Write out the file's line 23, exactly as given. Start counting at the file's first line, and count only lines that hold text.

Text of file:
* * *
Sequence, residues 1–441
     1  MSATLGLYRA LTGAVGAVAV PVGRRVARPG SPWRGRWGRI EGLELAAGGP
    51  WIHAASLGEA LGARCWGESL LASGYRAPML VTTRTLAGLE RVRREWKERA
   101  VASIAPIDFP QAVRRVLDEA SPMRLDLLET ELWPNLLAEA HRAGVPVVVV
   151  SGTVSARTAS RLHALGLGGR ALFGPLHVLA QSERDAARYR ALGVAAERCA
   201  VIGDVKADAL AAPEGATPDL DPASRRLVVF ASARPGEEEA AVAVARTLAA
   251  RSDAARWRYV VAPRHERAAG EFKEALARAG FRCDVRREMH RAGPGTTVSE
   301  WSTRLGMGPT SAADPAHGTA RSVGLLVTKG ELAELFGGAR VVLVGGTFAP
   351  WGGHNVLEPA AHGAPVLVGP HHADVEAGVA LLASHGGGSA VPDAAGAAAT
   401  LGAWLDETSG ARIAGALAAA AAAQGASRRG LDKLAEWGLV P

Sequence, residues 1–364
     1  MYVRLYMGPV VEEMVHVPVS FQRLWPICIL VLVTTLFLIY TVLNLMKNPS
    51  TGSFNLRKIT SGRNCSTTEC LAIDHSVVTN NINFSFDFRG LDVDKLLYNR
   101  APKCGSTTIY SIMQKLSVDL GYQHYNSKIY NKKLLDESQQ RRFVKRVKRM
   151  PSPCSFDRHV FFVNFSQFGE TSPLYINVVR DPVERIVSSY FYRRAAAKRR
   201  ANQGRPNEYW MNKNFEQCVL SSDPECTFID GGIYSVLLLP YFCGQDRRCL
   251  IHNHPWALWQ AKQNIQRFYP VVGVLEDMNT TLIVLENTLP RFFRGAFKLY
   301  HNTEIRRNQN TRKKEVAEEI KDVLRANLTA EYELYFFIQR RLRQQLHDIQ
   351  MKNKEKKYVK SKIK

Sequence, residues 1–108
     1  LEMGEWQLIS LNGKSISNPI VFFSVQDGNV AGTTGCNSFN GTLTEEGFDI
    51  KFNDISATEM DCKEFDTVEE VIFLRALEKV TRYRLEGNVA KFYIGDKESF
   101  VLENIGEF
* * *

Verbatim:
   101  VLENIGEF